Posts Tagged ‘Diamond Lil’

Diamond Lil gets an update in the Official Handbook of the Marvel Universe A-Z TPB #3

September 16, 2013

ohotmuaztpb3coverOfficial Handbook of the Marvel Universe A-Z TPB #3
2012

Note: no month of publication is indicated, with the exception of manufacturing date range of 12/22/11 to 1/10/12. The issue was released on 1/25/12. Other issues released on that date carry a publication date of Mar 2012.

The third volume of the amazing fourteen volume Official Handbook of the Marvel Universe A-Z Premiere Hardcover series is reprinted in trade paperback with all 240 original pages reproduced and, true to the principle of releasing timely information, sixteen additional pages of updates for selected entries. Some minor corrections and additions are found, but for the most part the original 240 pages are reprinted in their entirety. In the entries, Shaman, Northstar and Puck appear in the Crystar entry, Puck appears in the Deadly Ernest entry, Centennial appears in a 1/2 page entry, Diamond Lil appears in a full page entry and X Mac, X Sasquatch and X Puck appear in the Earth X entry. Additionally, Alpha Flight-related characters Ranaq, Tundra, Kolomaq, Somon, Tanaraq, Tolomaq, Kariooq, Dreamqueen and Zilla Char appear in the massive nine page Demons entry.

The Crystar entry has two changes from the HC version published in 2008. The secondary illustration taken from the closing splash panel of Crystar #11 has been recolored in a high contrast modern style, a big improvement over the old version. Also, in the text of the entry, where Shaman and Puck are mentioned regarding their role in that issue, their full names are now given. It isn’t clear why this change was made, except possibly to distinguish Shaman (Michael Twoyoungmen) from other Shamans and Puck (Eugene Judd) from other Pucks. Poor Northstar, who is also mentioned in the text, did not get his full name given. He’s still just Northstar.

The Deadly Ernest entry has a similar improvement to the secondary illustration, which is an image of him getting his head chopped off: the halftones are removed and filled in solid instead. The text changed significantly regarding the Nemesis who killed Deadly Ernest twice in Alpha Flights #8 and #31, but who is a distinct character from the Nemesis who later teamed up with Alpha Flight late in volume 1 (now identified as Jane Thorne), and also distinct from the volume 3 Nemesis (who we knew to be Amelia Weatherly). This new information was revealed in volume 1 of the tpb series, so the writers were compelled to re-word the Deadly Ernest entry. It cleanly states, “Two other women subsequently assumed Nemesis’ mantle,” and confirms that the Isabel St. Ives version of Nemesis and [her father] Deadly Ernest are both in fact, quite dead.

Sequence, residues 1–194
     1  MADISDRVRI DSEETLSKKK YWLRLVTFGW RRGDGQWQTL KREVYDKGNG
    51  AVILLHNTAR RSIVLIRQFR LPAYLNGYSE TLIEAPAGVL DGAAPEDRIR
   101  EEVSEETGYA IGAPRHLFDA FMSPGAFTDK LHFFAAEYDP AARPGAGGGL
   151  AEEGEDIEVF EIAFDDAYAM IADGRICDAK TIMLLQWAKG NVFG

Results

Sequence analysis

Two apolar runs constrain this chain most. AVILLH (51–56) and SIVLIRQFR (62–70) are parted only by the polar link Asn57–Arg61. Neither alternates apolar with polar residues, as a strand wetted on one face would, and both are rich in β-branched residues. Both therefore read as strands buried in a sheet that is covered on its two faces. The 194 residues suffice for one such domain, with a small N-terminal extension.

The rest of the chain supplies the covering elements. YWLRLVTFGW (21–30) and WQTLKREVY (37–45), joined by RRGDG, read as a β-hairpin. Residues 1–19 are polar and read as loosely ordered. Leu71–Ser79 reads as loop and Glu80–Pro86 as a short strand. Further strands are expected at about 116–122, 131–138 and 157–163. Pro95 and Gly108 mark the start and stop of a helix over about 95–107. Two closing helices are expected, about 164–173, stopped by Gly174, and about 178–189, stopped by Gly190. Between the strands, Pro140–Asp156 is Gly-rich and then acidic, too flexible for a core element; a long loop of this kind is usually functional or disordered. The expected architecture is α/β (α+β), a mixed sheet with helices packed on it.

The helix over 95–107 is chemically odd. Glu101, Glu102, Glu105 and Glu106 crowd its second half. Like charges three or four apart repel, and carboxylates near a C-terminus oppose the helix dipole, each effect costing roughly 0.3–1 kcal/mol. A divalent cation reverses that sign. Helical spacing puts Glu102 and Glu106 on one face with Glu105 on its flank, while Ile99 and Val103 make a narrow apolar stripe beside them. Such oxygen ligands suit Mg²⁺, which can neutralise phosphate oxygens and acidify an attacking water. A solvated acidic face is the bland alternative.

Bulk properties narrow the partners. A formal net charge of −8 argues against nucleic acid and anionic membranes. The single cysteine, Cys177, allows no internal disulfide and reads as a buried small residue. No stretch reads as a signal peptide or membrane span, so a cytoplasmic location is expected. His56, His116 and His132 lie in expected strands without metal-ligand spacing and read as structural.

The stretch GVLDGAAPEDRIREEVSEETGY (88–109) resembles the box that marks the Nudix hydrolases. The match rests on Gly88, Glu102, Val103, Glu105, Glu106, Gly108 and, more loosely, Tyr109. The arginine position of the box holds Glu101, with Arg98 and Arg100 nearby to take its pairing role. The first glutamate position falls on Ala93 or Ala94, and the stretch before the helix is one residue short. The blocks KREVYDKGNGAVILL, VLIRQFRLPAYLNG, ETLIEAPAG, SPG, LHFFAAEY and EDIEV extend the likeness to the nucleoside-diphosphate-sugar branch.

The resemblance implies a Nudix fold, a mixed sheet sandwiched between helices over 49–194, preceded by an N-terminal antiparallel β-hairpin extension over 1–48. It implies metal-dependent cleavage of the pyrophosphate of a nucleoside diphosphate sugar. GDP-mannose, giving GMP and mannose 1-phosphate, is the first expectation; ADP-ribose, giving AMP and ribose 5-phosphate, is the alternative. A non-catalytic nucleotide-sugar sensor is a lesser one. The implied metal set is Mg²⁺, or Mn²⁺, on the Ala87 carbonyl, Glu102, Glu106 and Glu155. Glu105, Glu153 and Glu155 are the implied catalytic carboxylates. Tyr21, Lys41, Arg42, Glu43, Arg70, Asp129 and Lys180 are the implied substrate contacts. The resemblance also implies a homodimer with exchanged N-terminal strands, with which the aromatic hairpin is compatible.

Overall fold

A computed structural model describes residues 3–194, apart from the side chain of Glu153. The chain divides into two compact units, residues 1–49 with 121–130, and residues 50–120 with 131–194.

The Centennial entry is re-printed from the 2008 HC with no changes.

(image from Alpha Flight #98)

(image from Alpha Flight #98)

Diamond Lil’s entry also has its secondary illustration recolored, an image of Lil wearing the black bodysuit costume from Alpha Flight #98. In the updates section, Diamond Lil has a paragraph describing the unfortunate events of X-Force #23 and the preceding events as described in Nation X #3. It was obviously not written by Chris Yost, because it’s both an accurate representation of Alpha Flight history and solemnly respectful of the characters.

The images of X Mac and X Sasquatch from the cover of Universe X #6 and X Puck from the back of the wraparound cover of Universe X #X in the Earth X entry are re-printed from the 2008 HC with no changes.

Also in the update section the massive nine page Demons entry somehow gets even longer with an additional two pages. The new Great Beast Neooqtoq is mentioned for the first time in a handbook, having appeared in Incredible Hercules #119 (Sep 2008), just after the HC issue had been published. Unfortunately, it’s in the section “Additional unpictured demons.” Also unfortunate is the omission of the Great Beasts Herateq and Tiamaq from Marvel Heartbreakers #1 (May 2010), who really ought to have been mentioned along with the other Great Beasts, unless for some technical reason they aren’t classified as demons.

Note: the illustrations of the Great Beasts in the massive nine page Demons entry have new captions indicating the issue and year they first appeared, which now matches the format for many of the other captioned illustrations in that entry. Nice job, writers: you got Tanaraq – X-Men #120 (1979) correct.

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Alpha Flight’s last entry (for now) in Official Handbook of the Marvel Universe A-Z TPB #1

May 4, 2012

Official Handbook of the Marvel Universe A-Z TPB #1
2011

Note: no month of publication is indicated, with the exception of manufacturing date range of 8/25/11 to 9/13/11. The issue was released on 9/28/11. Other issues released on that date carry a publication date of Nov 2011.

The first volume of the amazing fourteen volume Official Handbook of the Marvel Universe A-Z Premiere Hardcover series is reprinted in trade paperback with all 240 original pages reproduced and, true to the principle of releasing timely information, sixteen additional pages of updates for selected entries. Some minor corrections and additions are found, but for the most part the original 240 pages are reprinted in their entirety. The first issue of this series has every single Alpha Flight member featured in a 3pg entry for the team, Aurora (who appears on the cover) has a 2pg entry and Marrina appears in the Avengers entry. Additionally, Alpha Flight has an extensive update in the appendix, again featuring every single Alpha Flight member. Aurora has a small update as well and there’s also a tiny Northstar appearance in Angel (Worthington)’s update.

Since this book reprints a great deal of material already printed, only the changes and updates are noted.